Mercury in fish and adverse reproductive outcomes: results from South Carolina
1 Department of Epidemiology & Biostatistics, Arnold School of Public Health, University of South Carolina, Columbia, SC, USA
2 WJB Dorn Veteran’s Affairs Medical Center, Columbia, SC, USA
3 College of Public Health, Department of Epidemiology and Biostatistics, University of Georgia, Athens, GA, USA
4 Maryland Institute for Applied Environmental Health, University of Maryland, College Park, MD, USA
5 Institute for Families in Society, University of South Carolina, Columbia, SC, USA
6 Division of Epidemiology, Biostatistics, and Environmental Health, School of Public Health, University of Memphis, Memphis, TN, USA
7 Department of Public Health Sciences, Medical University of South Carolina, Charleston, SC, USA
8 Department of Global Environmental Health Sciences, Tulane University School of Public Health and Tropical Medicine, New Orleans, LA, USA
International Journal of Health Geographics 2014, 13:30 doi:10.1186/1476-072X-13-30Published: 15 August 2014
Mercury is a metal with widespread distribution in aquatic ecosystems and significant neurodevelopmental toxicity in humans. Fish biomonitoring for total mercury has been conducted in South Carolina (SC) since 1976, and consumption advisories have been posted for many SC waterways. However, there is limited information on the potential reproductive impacts of mercury due to recreational or subsistence fish consumption.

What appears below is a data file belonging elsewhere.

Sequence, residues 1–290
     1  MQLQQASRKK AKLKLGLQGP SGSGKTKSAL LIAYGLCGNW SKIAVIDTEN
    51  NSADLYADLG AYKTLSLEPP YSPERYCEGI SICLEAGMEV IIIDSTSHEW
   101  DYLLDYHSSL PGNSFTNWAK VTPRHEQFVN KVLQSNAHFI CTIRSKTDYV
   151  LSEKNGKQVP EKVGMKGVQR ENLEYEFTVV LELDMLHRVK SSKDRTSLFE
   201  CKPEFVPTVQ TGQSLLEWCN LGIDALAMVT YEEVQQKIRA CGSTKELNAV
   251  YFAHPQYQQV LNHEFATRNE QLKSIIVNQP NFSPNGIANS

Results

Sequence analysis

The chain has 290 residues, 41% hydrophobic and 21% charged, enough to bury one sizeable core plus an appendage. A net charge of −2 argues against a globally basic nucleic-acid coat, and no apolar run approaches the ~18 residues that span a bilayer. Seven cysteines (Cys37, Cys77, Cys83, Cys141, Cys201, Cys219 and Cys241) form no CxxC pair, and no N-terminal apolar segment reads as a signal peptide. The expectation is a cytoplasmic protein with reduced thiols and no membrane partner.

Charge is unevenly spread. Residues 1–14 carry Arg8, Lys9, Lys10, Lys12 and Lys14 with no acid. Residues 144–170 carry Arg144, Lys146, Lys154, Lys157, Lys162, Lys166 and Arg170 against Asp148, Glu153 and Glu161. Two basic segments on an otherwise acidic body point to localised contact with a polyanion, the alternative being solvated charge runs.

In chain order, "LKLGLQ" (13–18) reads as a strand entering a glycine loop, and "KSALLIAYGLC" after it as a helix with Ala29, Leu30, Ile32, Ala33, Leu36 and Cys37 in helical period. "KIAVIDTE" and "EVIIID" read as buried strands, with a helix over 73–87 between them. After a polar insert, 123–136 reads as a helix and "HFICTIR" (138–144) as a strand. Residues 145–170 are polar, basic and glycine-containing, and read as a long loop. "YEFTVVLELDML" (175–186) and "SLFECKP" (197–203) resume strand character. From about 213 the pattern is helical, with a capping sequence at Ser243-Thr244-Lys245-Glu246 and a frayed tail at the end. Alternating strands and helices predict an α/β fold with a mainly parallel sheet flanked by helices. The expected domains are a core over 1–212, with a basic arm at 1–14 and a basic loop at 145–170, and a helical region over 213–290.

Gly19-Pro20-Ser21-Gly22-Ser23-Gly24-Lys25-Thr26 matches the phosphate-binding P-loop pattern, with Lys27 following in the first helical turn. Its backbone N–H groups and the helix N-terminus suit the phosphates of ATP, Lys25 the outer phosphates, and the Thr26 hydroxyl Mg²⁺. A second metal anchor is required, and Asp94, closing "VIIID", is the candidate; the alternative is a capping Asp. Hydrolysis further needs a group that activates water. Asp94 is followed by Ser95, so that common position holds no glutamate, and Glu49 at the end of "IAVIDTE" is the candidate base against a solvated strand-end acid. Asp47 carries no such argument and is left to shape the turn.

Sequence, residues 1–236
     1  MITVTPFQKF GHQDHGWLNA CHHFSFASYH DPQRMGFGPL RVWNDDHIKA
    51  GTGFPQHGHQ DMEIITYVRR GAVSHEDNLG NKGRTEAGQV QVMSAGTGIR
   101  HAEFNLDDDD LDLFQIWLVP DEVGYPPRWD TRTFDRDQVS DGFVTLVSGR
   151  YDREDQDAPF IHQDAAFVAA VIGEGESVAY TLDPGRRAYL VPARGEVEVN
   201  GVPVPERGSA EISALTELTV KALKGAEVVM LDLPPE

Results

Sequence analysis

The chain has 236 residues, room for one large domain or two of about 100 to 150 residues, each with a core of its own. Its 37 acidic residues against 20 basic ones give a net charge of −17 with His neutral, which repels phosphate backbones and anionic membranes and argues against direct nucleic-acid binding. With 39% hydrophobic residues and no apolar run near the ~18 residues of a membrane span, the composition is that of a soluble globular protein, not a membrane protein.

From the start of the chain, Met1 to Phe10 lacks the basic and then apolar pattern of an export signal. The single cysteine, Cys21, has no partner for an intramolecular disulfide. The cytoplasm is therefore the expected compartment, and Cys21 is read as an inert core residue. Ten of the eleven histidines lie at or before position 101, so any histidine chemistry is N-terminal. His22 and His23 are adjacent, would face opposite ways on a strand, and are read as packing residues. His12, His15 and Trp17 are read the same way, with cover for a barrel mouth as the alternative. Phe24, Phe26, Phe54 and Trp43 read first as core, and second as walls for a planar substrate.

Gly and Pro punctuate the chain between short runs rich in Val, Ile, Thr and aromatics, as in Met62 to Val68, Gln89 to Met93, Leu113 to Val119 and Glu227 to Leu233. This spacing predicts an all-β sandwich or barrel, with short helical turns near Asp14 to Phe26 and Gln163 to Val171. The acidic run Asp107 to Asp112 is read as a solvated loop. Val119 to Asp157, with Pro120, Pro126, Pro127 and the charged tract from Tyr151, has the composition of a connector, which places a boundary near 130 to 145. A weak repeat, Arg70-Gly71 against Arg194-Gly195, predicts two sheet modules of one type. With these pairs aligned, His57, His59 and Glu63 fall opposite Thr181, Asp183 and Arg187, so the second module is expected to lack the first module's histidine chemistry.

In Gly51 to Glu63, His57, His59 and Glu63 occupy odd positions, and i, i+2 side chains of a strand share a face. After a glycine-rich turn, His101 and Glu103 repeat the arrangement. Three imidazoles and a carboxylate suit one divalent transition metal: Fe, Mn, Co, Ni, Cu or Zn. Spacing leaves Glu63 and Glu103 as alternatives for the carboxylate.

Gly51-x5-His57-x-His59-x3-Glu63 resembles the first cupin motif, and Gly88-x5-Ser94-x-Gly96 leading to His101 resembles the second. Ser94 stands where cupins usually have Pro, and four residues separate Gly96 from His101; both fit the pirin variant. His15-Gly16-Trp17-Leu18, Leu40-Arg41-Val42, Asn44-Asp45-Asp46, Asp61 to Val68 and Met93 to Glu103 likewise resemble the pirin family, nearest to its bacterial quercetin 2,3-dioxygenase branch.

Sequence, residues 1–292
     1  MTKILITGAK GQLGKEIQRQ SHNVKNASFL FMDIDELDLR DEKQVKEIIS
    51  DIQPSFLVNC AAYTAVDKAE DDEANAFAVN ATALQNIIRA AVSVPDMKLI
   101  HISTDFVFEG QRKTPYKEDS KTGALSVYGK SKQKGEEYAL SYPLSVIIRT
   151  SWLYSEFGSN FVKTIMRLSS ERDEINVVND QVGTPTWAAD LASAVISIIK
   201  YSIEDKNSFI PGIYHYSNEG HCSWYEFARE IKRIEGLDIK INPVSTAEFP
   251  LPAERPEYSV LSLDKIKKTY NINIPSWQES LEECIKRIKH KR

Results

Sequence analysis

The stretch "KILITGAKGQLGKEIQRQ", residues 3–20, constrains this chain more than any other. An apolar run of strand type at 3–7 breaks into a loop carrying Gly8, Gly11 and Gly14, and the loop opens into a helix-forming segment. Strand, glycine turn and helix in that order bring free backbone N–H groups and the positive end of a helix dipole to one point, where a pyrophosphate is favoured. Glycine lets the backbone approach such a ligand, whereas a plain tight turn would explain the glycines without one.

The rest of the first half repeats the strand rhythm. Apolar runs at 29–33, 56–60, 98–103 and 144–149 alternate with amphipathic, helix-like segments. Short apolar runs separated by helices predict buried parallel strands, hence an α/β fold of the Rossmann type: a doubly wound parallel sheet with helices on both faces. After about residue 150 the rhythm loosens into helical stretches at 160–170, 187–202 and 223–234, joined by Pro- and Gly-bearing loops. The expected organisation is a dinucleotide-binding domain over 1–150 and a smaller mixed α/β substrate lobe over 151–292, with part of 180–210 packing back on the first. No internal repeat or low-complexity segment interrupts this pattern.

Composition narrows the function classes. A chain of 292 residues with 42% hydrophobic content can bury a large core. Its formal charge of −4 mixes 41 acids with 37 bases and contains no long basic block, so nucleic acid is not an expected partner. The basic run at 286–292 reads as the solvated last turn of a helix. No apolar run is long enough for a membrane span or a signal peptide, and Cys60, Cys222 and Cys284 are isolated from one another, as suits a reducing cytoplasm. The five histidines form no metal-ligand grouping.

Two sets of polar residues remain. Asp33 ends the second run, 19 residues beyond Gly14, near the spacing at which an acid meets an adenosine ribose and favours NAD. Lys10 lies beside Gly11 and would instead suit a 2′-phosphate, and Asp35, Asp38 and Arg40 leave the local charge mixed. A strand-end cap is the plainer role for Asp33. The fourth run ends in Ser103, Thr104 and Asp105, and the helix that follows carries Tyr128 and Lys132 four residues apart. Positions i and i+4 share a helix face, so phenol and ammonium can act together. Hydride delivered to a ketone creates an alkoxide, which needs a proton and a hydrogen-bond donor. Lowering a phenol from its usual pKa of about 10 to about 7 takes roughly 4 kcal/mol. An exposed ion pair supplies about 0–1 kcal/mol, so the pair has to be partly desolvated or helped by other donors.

To address this issue, geocoded residential locations for live births from the Vital Statistics Registry (1995–2005, N = 362,625) were linked with spatially interpolated total mercury concentrations in fish to estimate potential mercury exposure from consumption of locally caught fish. Generalized estimating equations were used to test the hypothesis that risk of low birth weight (LBW, <2,500 grams) or preterm birth (PTB, <37 weeks clinical gestation) was greater among women living in areas with elevated total mercury in fish, after adjustment for confounding. Separate analyses estimated term LBW and PTB risks using residential proximity to rivers with fish consumption advisories to characterize exposure.
Term LBW was more likely among women residing in areas in the upper quartile of predicted total mercury in fish (odds ratio [OR] = 1.04; 95% confidence interval [CI]: 1.00-1.09) or within 8 kilometers of a river with a ‘do not eat’ fish advisory (1.05; 1.00-1.11) compared to the lowest quartile, or rivers without fish consumption restrictions, respectively. When stratified by race, risks for term LBW or PTB were 10-18% more likely among African-American (AA) mothers living in areas with the highest total fish mercury concentrations.
To our knowledge, this is the first study to examine the relationship between fish total mercury concentrations and adverse reproductive outcomes in a large population-based sample that included AA women. The ecologic nature of exposure assessment in this study precludes causal inference. However, the results suggest a need for more detailed investigations to characterize patterns of local fish consumption and potential dose–response relationships between mercury exposure and adverse reproductive outcomes, particularly among AA mothers.